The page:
THE PROSTATE, Issue 5 2008
Jielin Sun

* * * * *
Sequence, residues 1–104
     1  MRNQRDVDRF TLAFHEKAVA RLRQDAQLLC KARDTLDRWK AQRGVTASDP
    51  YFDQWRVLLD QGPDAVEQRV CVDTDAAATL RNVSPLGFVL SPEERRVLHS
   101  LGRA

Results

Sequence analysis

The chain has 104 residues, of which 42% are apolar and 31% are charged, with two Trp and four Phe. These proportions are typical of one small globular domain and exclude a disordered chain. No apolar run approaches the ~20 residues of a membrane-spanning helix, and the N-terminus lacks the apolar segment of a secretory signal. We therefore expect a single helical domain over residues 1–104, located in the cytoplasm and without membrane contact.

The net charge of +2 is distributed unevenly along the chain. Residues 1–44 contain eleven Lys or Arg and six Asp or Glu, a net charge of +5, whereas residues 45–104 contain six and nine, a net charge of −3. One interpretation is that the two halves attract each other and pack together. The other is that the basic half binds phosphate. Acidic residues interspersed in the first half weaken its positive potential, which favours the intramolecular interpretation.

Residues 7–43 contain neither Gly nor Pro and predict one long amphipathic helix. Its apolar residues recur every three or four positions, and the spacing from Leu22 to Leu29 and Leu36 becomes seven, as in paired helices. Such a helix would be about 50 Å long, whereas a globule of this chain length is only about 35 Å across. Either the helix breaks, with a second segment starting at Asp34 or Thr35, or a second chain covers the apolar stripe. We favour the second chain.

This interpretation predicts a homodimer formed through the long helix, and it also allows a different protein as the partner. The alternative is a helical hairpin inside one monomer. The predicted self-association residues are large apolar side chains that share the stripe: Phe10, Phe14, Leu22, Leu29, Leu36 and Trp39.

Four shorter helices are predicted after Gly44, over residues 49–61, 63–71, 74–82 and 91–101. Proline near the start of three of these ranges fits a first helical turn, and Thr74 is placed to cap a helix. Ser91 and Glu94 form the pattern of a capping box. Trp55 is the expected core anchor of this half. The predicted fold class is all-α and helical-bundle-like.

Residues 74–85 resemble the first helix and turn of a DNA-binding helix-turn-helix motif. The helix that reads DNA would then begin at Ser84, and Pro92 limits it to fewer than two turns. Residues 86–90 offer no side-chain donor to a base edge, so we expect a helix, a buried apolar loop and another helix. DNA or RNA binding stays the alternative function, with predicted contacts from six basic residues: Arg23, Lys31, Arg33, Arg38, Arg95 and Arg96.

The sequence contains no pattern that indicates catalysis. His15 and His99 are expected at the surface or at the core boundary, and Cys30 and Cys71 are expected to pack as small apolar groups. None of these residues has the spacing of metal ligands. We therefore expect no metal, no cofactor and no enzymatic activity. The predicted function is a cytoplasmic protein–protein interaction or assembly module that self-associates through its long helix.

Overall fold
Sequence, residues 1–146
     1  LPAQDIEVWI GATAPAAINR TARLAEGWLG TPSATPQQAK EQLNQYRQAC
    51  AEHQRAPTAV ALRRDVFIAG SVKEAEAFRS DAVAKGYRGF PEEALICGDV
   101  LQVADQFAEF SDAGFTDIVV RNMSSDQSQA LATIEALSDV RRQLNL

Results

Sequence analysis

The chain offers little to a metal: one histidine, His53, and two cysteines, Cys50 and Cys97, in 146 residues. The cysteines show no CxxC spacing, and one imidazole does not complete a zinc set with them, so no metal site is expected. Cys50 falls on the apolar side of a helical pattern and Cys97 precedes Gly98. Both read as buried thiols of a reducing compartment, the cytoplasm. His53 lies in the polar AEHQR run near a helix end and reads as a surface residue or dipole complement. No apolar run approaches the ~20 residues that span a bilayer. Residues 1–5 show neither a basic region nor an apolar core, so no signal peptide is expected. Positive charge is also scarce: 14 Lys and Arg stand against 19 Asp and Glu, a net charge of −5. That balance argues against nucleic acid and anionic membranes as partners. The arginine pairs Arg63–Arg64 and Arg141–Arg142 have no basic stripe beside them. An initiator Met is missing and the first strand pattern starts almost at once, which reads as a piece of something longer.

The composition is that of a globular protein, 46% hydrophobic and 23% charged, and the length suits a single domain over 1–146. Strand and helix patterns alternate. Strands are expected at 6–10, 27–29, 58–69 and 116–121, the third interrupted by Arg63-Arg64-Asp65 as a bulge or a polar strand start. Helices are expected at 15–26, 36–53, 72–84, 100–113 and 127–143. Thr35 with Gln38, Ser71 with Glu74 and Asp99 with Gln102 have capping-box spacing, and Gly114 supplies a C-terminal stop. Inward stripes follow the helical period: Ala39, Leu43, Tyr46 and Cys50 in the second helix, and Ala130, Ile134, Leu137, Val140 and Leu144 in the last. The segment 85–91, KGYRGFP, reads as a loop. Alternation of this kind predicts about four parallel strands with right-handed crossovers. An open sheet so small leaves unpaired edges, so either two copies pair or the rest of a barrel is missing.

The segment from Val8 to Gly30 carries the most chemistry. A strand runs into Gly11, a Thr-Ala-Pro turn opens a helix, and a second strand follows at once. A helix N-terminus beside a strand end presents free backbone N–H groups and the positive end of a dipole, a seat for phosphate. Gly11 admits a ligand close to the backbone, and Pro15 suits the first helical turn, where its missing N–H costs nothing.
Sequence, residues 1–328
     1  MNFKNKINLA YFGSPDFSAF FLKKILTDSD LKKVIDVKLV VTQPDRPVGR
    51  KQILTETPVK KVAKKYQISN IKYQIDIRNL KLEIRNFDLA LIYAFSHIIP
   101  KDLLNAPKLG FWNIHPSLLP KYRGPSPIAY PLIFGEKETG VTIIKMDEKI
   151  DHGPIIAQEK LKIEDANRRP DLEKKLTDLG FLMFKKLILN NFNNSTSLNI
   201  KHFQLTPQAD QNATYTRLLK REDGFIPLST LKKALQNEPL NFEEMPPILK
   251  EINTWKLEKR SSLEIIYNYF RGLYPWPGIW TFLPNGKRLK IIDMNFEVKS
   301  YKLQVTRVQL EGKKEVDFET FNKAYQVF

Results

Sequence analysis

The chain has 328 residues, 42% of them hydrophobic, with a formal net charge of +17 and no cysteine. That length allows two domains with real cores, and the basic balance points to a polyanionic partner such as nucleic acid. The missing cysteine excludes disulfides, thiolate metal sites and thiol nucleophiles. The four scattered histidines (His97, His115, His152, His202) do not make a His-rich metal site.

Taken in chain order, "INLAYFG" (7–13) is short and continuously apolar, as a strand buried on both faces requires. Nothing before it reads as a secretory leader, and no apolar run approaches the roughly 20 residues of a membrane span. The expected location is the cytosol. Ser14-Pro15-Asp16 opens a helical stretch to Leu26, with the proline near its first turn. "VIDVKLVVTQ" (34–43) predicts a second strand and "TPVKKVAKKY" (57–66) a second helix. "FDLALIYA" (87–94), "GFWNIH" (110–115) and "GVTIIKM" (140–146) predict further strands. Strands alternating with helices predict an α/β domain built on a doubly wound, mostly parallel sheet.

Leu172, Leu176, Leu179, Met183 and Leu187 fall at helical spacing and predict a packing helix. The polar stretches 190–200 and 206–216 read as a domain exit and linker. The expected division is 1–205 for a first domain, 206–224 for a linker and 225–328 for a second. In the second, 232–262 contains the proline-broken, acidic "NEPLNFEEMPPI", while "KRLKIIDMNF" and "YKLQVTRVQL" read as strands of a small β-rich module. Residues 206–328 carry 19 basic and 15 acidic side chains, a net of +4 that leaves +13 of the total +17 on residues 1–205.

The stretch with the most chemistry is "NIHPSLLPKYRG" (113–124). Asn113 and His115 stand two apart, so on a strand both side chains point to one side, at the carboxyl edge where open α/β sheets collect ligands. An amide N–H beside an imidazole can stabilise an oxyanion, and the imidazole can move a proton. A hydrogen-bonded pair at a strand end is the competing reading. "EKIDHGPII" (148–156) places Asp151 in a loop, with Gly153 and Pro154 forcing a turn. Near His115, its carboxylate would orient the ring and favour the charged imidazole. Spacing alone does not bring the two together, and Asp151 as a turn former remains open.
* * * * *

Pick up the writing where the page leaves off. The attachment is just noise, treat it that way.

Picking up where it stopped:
Abstract Background Multiple variants in three regions at 8q24 are consistently found to be associated with prostate cancer (PCa) risk in population-based association studies. The role that these variants may play in familial prostate cancer risk has not been extensively investigated. Methods We evaluated 12 SNPs at three 8q24 regions using population-based association and family-based linkage and association methods in hereditary PCa (HPC) probands and their families, non-HPC patients, and unaffected screened controls, all recruited at Johns Hopkins Hospital. Results For multiple variants in Region 1 (e.g., rs1447295) and Region 2 (e.g., rs16901979), we found statistically significantly higher frequencies of previously identified risk alleles and genotypes in HPC probands than in unaffected controls. Furthermore, in Region 2 the risk alleles were statistically significantly more frequent in HPC probands than in non-HPC patients. Family-based transmission tests found risk alleles of SNPs in Region 2, but not in Regions 1 and 3, were significantly over-transmitted to affected men in these families. We found little evidence supporting PCa linkage at 8q24 in 168 HPC families, in part explained by the observation of multiple, different risk allele-containing haplotypes segregating in the vast majority of these families. Conclusions Our study further supports the presence of PCa susceptibility loci at 8q24, particular at Region 2, and also provides evidence that these SNPs play an important role in familial prostate cancer. Large family-based studies are needed to confirm our novel findings. Prostate 68: 489,497, 2008. 2008 Wiley-Liss, Inc. [source]